Avoid a heart attack while shoveling snow
The official first day of winter is quickly approaching. Driveways and walkways will soon be coated in a thick blanket of snow as people reach for their shovels to do what some consider a dreaded chore.
As big winter storms leave a number of Midwesterners with several inches of snow to clear, many will find themselves removing pounds of snow this year. However, this annual task can put some at risk of a heart attack.
Shoveling snow is a big snow removal task and takes a large amount of energy. Snow removal can turn into a high-intensity exercises that uses all major muscle groups incorporating strength, cardio, and endurance.
Sudden exertion, such as shoveling hundreds of pounds of snow or even pushing a heavy snow blower after being sedentary for several months, can put a big strain on the heart.
“Many don’t realize that shoveling snow can be an extremely physically demanding task that some people’s bodies just aren’t ready to handle. Instead of daily trying to walk or run a mile, many people are suddenly jumping into a marathon. They go beyond what they are capable of doing and because of that they develop a lack of blood flow to the heart and have a heart attack,” says Daniel Krause, DO, Aspirus Cardiologist.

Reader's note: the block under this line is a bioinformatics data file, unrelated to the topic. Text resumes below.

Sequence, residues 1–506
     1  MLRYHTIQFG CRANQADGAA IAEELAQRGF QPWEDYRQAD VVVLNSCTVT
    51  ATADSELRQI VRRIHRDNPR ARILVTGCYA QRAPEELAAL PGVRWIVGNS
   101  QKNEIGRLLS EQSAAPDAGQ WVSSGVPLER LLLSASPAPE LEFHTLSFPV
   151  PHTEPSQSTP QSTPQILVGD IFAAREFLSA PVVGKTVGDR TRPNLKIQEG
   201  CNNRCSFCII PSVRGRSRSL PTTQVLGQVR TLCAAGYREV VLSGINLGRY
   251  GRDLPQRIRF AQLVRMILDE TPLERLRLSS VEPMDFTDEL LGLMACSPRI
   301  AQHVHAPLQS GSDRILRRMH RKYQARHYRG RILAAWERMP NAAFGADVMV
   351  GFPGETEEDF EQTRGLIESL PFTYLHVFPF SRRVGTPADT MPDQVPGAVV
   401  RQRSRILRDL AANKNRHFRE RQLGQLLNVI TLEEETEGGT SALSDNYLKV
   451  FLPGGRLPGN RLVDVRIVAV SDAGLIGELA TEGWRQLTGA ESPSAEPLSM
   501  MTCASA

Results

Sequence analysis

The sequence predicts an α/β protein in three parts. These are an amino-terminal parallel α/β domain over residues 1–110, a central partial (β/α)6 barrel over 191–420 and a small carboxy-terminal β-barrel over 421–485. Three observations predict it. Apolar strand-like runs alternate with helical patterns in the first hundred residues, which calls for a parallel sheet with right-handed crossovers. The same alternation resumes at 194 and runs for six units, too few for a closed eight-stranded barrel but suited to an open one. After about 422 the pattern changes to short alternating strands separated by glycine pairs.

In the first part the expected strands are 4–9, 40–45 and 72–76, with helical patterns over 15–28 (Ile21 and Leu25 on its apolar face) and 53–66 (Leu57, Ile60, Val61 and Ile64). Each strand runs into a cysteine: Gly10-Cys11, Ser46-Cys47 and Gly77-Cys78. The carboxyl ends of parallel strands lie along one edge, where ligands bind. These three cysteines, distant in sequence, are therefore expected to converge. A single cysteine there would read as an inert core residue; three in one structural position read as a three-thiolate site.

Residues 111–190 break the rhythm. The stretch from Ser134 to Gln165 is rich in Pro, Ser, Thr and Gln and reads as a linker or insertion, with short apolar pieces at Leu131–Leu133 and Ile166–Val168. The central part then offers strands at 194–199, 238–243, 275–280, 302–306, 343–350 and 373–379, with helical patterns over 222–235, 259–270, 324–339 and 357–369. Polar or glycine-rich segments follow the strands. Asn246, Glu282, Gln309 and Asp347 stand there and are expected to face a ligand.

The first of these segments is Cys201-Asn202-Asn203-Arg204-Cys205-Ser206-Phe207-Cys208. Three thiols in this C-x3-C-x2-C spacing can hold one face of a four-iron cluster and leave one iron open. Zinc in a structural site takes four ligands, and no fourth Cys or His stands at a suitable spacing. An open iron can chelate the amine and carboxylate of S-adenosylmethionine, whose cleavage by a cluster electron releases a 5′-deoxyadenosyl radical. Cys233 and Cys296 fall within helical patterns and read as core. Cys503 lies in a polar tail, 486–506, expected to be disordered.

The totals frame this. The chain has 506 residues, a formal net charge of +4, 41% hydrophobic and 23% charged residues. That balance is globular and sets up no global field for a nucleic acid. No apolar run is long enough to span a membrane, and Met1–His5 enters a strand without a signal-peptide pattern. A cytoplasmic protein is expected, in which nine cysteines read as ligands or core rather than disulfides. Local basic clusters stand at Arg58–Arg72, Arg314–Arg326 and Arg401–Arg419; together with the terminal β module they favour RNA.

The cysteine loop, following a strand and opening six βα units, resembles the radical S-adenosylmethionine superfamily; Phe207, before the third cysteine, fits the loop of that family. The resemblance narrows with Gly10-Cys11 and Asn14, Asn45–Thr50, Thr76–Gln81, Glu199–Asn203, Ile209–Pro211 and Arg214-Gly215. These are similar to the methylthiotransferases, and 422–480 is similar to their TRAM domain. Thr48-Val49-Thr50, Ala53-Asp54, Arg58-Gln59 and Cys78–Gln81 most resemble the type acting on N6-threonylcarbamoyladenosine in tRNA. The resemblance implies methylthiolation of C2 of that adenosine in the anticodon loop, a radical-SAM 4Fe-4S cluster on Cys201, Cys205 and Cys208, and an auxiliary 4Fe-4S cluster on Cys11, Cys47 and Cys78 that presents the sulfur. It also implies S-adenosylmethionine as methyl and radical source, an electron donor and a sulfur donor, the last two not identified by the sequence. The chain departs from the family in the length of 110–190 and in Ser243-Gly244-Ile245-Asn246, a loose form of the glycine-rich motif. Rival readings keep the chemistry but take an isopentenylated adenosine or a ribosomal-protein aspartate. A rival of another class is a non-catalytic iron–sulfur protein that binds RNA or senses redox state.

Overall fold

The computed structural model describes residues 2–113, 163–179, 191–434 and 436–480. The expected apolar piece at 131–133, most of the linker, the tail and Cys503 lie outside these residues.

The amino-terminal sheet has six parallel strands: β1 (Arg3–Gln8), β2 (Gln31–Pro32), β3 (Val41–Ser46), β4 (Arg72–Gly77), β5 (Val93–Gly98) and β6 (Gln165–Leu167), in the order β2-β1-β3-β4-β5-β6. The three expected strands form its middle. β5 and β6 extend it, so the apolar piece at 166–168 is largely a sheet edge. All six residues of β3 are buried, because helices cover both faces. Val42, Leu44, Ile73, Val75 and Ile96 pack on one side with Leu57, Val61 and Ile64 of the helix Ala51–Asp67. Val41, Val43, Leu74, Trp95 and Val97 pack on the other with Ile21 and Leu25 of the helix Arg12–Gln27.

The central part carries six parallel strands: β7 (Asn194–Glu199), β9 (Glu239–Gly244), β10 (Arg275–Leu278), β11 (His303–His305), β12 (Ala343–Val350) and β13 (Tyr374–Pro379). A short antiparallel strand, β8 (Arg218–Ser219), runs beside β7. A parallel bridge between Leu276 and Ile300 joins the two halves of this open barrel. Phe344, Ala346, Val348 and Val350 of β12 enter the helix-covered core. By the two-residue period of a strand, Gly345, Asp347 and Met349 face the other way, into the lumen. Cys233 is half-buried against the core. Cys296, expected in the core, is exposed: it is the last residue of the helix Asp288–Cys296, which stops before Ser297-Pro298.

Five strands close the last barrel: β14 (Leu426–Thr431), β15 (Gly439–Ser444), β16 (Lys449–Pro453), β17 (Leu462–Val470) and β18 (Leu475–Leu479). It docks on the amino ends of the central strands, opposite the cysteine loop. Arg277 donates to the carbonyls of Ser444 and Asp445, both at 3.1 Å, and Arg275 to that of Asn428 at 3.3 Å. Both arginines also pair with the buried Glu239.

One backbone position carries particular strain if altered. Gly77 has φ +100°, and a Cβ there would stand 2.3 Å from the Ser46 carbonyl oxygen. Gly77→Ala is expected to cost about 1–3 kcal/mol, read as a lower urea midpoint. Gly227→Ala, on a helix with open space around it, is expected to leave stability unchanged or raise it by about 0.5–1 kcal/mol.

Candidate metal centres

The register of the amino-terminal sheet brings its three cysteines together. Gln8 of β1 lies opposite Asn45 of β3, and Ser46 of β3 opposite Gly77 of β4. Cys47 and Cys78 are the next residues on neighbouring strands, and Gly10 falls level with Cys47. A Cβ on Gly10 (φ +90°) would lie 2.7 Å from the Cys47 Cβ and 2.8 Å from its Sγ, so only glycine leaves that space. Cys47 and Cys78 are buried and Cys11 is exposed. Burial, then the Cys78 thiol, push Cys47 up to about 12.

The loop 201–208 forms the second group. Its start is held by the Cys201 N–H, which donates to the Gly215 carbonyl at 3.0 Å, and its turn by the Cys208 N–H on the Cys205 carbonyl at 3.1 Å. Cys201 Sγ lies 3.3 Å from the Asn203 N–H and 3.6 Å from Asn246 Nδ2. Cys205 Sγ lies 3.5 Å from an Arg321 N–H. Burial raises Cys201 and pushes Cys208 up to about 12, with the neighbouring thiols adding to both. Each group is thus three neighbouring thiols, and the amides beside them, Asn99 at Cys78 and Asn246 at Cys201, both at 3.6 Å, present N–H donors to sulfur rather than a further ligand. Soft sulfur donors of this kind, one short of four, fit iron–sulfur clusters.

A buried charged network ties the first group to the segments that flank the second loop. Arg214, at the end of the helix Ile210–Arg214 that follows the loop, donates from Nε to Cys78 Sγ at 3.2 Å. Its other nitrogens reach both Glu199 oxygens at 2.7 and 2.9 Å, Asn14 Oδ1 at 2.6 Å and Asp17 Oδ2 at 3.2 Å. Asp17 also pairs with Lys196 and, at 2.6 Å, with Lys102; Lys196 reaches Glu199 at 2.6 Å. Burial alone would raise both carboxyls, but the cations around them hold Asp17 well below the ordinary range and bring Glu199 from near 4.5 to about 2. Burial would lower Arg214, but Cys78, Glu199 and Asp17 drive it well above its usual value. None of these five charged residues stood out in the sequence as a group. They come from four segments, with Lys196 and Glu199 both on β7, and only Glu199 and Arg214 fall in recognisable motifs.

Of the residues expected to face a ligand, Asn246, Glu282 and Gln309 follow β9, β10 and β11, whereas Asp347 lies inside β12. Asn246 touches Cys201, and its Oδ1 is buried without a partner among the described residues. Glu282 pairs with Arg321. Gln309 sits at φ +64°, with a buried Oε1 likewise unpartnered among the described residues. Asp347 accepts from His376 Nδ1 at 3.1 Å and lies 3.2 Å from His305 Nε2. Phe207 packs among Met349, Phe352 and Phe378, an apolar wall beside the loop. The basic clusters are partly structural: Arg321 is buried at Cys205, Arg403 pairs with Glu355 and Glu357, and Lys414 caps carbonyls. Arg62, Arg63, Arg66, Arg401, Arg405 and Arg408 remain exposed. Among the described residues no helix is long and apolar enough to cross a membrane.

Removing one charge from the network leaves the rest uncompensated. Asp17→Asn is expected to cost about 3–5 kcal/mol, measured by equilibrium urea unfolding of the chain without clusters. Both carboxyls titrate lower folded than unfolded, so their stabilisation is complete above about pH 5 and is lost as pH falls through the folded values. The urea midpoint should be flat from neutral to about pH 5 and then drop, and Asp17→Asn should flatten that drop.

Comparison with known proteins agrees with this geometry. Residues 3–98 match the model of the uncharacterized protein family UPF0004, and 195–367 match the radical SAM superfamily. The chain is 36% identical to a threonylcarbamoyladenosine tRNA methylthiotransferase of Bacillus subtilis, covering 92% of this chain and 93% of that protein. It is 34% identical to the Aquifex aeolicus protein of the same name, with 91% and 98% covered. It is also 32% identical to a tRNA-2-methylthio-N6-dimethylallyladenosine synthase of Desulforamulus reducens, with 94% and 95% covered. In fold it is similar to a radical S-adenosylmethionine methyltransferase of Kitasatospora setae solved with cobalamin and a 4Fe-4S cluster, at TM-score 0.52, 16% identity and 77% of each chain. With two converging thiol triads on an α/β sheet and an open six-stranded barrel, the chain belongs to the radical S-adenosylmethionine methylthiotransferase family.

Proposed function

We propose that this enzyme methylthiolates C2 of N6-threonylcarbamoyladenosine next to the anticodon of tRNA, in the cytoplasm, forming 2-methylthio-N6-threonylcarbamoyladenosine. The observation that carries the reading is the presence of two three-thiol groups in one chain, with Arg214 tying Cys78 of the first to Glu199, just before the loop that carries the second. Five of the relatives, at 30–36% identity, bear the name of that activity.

Those most at risk of experiencing a heart attack while shoveling are people over the age of 60; people with a history of heart disease or underlying heart conditions; those with high blood pressure or diabetes; and those who have experienced a previous heart attack.
“If you develop shortness of breath or extreme exhaustion, you need to take a break and come back to the tasks later,” says Dr. Krause. “If you continue to have symptoms like shortness of breath or chest pain after three to five minutes, call 911 or visit the nearest Emergency Room.”
For those who find shoveling snow to be too strenuous for the body, don’t be afraid to reach out to a friend or relative for help.
“Snow removal may be a necessary task, but it’s not worth having a heart attack over,” says Dr. Krause.
National Safety Council recommends the following tips to shovel safely this winter.
- Do not shovel after eating or while smoking
- Take it slow and stretch out before you begin
- Shovel only fresh, powdery snow; it’s lighter
- Push the snow rather than lifting it
- If you do lift it, use a small shovel or only partially fill the shovel
- Lift with your legs, not your back
- Do not work to the point of exhaustion
- Know the signs of a heart attack, if symptoms occur stop immediately and call 911